• All right.

  • Entering V s code mode now.

  • So first we need to set up an audio context number.

  • This is the canvas where everything happens next.

  • You need to, you know, create an audio context That's a simple is calling instructor.

  • You passed in the number of channels, the number of samples preach channel and your sample right on there.

  • Now, this is an offline audio context and kind of this to audio context.

  • You can use the offline audio context in the Web or the FBI or something called the audio context Makes sense.

  • So the thing about the audio context is this is the one you'd usually going to use if you're processing audio.

  • If you're making like, a multi track mixer or you want to apply some reverb in the web, that's great.

  • The problem with it, though, is that it plays back the audio more or less in real time.

  • So it's good if you're actually you know, when I applied your affects in real time on music.

  • But if you've got seven days with e d dot just look through.

  • You really don't want to be waiting seven days for that to process.

  • So that's that's maybe not the way to go.

  • There's another type of off audio contact you could use called the offline audio context, so it's quite similar to the regular order context, except just taken directly from Indian.

  • In contrast with the standard standard audio context and often order conducted doesn't render the order to the device hardware.

  • Instead, it generated as fast as it can and outputs the result to an audio buffer.

  • Now that sounds brilliant.

  • So basically what context is slow, often noted into the super fast what we're trying to do?

  • So that's why we're going with it.

  • We've made this audio context.

  • Next, we have to set up our source notes pretty straightforward, create a buffer source and note that these methods are all coming off the audio context so you can actually create nodes in the Web audio without actually being attached to its context.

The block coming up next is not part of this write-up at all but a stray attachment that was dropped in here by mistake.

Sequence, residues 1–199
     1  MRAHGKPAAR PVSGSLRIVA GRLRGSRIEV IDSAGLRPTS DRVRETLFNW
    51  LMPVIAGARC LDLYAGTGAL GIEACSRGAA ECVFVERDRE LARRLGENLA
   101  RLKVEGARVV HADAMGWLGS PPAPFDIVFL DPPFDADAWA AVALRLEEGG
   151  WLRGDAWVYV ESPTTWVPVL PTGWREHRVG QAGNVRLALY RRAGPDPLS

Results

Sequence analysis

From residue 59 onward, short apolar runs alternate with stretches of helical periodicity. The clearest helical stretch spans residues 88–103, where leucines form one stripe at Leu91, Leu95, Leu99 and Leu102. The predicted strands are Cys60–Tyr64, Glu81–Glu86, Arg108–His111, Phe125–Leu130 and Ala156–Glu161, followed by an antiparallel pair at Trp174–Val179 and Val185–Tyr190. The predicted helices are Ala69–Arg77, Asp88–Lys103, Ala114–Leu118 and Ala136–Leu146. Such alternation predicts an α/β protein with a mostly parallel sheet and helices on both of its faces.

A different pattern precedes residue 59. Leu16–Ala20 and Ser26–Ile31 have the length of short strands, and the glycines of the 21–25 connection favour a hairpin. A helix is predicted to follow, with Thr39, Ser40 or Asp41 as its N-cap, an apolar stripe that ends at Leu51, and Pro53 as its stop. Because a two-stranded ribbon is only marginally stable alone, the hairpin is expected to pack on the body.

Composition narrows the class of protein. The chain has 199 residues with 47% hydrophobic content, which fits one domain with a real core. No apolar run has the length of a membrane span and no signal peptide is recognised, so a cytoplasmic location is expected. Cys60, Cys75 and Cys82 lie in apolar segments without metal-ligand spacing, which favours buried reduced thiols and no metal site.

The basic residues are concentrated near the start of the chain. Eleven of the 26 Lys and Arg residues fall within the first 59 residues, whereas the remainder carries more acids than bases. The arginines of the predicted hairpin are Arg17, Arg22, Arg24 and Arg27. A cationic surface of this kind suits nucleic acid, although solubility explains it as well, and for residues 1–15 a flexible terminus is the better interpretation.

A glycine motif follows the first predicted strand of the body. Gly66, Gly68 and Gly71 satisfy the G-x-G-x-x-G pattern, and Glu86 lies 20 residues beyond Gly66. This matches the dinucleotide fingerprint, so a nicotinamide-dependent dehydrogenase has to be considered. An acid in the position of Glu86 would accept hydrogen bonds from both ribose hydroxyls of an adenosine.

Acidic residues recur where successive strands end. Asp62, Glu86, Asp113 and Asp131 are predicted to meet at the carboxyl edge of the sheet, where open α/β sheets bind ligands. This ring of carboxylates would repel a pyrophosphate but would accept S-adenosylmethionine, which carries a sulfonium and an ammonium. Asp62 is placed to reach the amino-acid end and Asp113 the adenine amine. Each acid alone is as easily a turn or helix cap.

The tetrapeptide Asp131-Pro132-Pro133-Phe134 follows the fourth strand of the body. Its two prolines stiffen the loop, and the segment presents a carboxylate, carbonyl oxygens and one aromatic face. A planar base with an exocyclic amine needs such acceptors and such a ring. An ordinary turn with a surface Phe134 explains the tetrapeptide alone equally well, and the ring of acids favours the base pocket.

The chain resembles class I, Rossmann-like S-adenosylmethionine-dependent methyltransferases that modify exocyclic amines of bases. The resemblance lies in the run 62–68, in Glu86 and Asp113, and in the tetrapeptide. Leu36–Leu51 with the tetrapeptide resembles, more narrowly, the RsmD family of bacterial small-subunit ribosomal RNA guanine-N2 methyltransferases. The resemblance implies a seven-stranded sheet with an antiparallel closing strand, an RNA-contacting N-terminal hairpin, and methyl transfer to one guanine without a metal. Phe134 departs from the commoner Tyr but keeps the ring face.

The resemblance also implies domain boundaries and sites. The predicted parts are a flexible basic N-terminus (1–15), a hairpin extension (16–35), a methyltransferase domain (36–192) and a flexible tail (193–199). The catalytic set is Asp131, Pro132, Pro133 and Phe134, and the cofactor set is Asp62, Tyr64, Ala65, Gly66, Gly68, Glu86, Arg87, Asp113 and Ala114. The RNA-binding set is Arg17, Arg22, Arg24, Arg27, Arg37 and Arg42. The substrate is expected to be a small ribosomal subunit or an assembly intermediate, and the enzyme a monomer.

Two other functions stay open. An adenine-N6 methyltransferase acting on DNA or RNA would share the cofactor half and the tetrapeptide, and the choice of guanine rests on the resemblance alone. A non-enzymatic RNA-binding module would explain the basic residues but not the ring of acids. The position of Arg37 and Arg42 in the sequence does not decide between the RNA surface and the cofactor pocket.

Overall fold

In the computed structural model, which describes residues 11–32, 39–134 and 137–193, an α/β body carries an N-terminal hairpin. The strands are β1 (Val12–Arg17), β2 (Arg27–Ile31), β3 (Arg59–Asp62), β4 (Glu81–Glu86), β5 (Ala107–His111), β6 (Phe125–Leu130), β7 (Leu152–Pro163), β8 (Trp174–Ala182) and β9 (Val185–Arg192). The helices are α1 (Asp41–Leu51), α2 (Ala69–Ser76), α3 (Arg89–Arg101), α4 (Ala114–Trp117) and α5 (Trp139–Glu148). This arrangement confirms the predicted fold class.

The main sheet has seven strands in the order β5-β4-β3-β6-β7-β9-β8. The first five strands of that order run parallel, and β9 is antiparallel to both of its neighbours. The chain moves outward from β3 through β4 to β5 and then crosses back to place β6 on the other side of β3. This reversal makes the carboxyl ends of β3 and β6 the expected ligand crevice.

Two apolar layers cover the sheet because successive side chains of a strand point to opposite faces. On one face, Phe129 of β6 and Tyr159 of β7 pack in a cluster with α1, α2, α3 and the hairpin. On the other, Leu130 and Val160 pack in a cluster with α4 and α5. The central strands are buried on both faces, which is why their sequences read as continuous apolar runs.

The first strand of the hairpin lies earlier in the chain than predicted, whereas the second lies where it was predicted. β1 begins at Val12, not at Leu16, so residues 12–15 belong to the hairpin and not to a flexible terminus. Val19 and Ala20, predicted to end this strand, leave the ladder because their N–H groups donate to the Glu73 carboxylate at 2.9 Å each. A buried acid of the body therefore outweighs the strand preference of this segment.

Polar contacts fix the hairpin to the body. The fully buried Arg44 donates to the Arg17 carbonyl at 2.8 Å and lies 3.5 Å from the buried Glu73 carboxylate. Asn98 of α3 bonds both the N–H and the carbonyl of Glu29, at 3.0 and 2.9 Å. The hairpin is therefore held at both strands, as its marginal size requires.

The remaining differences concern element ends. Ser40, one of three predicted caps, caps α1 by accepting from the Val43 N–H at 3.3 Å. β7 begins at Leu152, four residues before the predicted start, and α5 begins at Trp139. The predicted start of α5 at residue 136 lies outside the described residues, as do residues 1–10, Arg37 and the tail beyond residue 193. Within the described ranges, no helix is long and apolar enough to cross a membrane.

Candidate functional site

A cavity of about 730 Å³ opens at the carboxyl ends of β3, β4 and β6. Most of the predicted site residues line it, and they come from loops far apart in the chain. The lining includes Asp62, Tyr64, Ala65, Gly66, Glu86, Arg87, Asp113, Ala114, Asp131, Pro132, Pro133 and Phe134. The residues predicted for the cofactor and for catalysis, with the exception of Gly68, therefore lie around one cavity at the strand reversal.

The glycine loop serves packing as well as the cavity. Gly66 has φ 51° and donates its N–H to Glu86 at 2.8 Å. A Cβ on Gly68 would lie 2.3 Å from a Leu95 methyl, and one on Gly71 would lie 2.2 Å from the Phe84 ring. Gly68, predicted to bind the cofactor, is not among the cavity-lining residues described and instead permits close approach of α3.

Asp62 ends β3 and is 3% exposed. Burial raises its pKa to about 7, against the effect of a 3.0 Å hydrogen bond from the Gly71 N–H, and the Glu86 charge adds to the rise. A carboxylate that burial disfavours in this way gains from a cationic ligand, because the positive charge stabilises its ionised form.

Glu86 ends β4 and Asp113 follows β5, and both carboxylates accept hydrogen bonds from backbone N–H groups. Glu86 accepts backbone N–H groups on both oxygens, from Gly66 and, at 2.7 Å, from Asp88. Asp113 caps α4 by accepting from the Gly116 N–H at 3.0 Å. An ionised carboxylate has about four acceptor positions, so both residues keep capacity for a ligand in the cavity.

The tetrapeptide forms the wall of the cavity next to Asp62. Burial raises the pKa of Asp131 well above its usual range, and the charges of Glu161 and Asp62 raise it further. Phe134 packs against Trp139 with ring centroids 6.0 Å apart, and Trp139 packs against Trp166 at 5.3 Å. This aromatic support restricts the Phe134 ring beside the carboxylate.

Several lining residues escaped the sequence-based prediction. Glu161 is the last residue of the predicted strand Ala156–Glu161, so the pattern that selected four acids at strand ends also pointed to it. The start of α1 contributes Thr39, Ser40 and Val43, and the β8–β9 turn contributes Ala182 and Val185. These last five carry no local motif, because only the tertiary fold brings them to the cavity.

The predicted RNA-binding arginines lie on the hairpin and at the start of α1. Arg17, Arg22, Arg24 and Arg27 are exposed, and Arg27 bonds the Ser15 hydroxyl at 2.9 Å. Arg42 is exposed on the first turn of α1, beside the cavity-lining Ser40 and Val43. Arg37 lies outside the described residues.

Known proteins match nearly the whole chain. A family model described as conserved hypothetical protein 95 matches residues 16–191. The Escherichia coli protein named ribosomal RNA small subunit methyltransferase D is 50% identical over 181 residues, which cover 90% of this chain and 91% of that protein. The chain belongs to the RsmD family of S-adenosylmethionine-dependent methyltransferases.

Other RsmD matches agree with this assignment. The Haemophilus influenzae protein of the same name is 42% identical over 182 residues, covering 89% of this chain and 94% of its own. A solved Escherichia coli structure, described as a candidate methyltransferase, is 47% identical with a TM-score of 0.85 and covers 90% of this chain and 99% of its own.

• Next up, we need to create in Phyllis Audio Buffa.

  • So first up, we're going to create a buffer, has got the number of channels sample separated.

  • We want go to loop over our channels and then for each channel, I'm going to kind of get the channel buffa that I just created.

  • Remember, this is like an empty, empty audio buffer.

  • So get the channel buffer for that channel.

  • I'm gonna get right over all the samples and then right here, I'm going to, you know, gotta Channel Buffer.

  • I'm going to fill that without E e g data, which is in the very creatively named data Array.

  • So our e G data is just in an array of an array of floats in this data, and something really exciting is happening here.

  • So right there on the left, that's an audio buffet.

  • That's audio.

  • That stuff you can process through the web.

  • What you FBI on the right is your e D.

  • Data, and in the middle is an equal sign.

  • So what you're doing is you're moving your e e g data into an audio buffer.

  • Which means right now you can put filter and river compression.

  • All this cool stuff.

  • You really shouldn't do on E G.

  • But you can just like that.

  • That's really cool.

  • Next, you just assign, you know, in the audio buffer to your source and they go, You've got your input.

  • You fed your easy donna into the web.

  • Audio, FBI.